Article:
22nd Sep 2021

European court-inspired bill may end Berlusconi trials

  • Berlusconi at an EU summit. His trials have become a notorious topic of discussions (Photo: The Council of the European Union)

Italy's lower house on Wednesday (13 April) narrowly approved a draft bill aimed at speeding up court cases, a move that could end some of Silvio Berlusconi's corruption trials.

Dubbed the "Prime Minister-saving law" by La Repubblica newspaper, the controversial piece of legislation was passed by 314 to 296 votes amid boos from the opposition and is likely to have no problem being approved by the Senate, where the Berlusconi majority is stronger.

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If enacted, the bill would shorten the statute of limitations and would oblige judges to inform the minister if and why a process takes longer than three years.

Italy's court system is notoriously slow and has been repeatedly criticised and fined by the European Court of Human Rights (ECHR). According to ECHR statistics, Italy is first among EU countries with 1,617 judgments by the Strasbourg court, followed by France with only half that amount. Sixty percent of Italy's violations were linked to the length of judicial proceedings.

Last December, the Council of Europe called on Italy to reform its justice system and speed up its "snail-paced" trials. It also said that delays in Italian justice violate due process and "endanger respect for the supremacy of the law."

"Infinite trial lengths damage all citizens," justice minister Angelino Alfano said Wednsday when defending the bill, which "will avoid having the kind of negative impact on the entire legal system that some people have been talking about." Alfano is likely to succeed Berlusconi in 2013 when his mandate ends, the premier told foreign journalists in Rome on Tuesday.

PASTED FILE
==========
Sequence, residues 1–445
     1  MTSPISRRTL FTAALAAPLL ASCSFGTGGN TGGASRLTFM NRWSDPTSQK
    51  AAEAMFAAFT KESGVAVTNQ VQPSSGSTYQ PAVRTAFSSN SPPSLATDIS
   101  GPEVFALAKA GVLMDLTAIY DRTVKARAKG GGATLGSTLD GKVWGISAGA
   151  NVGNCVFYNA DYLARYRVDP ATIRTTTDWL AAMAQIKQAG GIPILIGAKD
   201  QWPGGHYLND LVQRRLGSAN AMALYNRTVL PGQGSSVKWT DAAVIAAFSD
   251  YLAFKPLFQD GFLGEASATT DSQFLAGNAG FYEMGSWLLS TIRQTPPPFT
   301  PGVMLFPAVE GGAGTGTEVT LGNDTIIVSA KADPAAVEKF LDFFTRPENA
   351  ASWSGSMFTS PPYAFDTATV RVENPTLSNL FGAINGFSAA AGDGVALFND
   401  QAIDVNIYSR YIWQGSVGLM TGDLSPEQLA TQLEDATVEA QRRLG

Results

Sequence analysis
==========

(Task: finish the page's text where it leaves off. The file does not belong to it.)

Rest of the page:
Opposition politicians claim that the real motive behind the law is to kill several corruption trials against Berlusconi. Two such cases were kicked off in 2006 and would be affected by the law's statute of limitations: One in which he is accused of bribing a British lawyer, David Mills, and another one about tax fraud at his Mediaset television company.

"The law on short trials is an amnesty in disguise, thought up to avoid having the prime minister face trial," said Piero Fassino, a deputy from the centre-left Democratic Party.

Hundreds of demonstrators have rallied for days in front of parliament against the bill, including associations of magistrates who say the law would cause havoc in thousands of high-profile cases such as the bankruptcy of Italian dairy giant Parmalat or the trial of former Bank of Italy governor Antonio Fazio for market manipulation.

Berlusconi has regularly claimed to be the victim of a politicised judiciary wanting to oust him from power. Speaking to foreign journalists on Tuesday, he said magistrates had declared war on the government and represented a "cancer" in the Italian system, Ansa reports.

His spokesman Paulo Banaiuti later explained that the remarks were "hypothetical" and did not reflect any concrete plan.

Apart from the corruption cases, Berlusconi's "Rubygate" trial kicked off in Milan earlier this month, a case in which he is accused of paying for sex with an under-age Moroccan and abusing his office for getting her out of jail by claiming she was the granddaughter of former Egyptian strongman Hosni Mubarak.

Two more girls, barely 18 at the time they attended Berlusconi's infamous "Bunga bunga" parties, on Monday testified to prosecutors about their experiences last year at his villa in Arcore, which included stripping, dancing and erotic games in front of the premier and his friends. Berlusconi's lawyers dismissed the testimonies as "unfounded".

An earlier version of this story stated that the law would put a 3-year cap on all trials in which the defendant is facing sentences of up to ten years of prison. The respective amendment was taken out of the final text.

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